By May 16, 2018 Read More →

Extended winter sparks W.Va., Ohio, Ky. pollen outburst


The Herald-Dispatch

Pollen counts are high causing problems for people with allergies in the Tri-State.
(Herald-Dispatch photo by Lori Wolfe)

HUNTINGTON, W.Va. — Pollen is one of nature’s great equalizers — an annual irritating yet mostly harmless reminder that rich and poor alike can be just as easily humbled by a few trillion yellow specks. Little can be done to avoid it in practicality, and most simply surrender to the itchy onslaught of allergies as a fact of life.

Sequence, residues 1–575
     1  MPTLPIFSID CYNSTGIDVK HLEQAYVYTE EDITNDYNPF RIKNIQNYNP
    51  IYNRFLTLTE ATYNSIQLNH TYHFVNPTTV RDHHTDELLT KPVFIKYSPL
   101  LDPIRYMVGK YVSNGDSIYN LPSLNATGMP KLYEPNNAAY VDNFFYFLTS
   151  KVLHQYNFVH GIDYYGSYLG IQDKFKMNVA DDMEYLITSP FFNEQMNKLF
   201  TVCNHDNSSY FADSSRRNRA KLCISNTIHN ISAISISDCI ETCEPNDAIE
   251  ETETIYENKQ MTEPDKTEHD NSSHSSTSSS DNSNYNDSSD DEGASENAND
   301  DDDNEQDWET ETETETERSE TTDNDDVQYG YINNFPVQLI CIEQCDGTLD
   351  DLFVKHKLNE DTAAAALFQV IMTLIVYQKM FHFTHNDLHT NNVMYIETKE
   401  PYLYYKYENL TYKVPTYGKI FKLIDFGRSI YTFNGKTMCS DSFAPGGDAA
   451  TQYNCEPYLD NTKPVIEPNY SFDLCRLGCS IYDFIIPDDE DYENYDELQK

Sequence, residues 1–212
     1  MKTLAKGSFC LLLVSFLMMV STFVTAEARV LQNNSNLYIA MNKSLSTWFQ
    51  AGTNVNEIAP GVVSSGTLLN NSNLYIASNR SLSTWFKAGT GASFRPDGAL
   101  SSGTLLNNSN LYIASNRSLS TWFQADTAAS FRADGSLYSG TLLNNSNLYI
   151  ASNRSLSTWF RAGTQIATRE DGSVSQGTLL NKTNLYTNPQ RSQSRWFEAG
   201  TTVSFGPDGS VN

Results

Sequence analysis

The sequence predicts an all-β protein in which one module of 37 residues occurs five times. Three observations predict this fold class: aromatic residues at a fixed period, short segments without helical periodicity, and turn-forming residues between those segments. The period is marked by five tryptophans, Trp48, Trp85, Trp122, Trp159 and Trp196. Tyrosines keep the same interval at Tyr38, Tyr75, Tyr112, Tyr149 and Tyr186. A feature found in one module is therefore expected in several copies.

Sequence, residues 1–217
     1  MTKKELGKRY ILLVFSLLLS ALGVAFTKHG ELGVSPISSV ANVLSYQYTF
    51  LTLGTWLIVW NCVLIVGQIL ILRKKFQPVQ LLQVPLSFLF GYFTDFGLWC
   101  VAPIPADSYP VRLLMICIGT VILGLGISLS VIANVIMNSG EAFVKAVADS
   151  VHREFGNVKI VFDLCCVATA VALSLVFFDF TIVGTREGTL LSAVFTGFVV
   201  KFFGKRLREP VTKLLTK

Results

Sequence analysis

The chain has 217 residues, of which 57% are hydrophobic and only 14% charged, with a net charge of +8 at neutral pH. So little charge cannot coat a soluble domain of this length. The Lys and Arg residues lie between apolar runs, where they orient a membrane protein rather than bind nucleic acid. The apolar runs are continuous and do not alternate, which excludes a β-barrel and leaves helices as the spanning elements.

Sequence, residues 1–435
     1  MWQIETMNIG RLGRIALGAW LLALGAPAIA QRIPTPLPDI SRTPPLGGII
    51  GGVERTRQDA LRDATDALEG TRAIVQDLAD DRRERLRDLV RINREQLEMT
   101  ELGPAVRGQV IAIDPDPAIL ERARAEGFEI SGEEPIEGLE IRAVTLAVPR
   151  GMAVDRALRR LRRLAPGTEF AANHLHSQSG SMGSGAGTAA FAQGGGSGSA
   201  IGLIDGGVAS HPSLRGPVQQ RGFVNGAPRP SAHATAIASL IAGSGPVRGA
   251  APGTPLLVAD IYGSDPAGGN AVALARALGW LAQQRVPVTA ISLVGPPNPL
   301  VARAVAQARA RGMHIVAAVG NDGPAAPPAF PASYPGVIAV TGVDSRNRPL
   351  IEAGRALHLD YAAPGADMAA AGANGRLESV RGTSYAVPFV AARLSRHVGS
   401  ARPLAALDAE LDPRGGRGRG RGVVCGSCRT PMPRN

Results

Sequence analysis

Virtually everywhere east of the Mississippi River stands in the thick of peak pollen season, worsened in both sheer volume and a later start this year thanks to the prolonged cold spells that dragged on into mid-April, explained Dr. Meagan Shepherd, allergist/immunologist at Marshall Health’s Department of Pediatrics.

When trees and grass are finally given a prolonged warm weather opportunity to pollinate after a drawn-out winter, the plants will try to make up for lost time — sparking a sudden outpouring of pollen the human body had de-acclimated to during the winter months.

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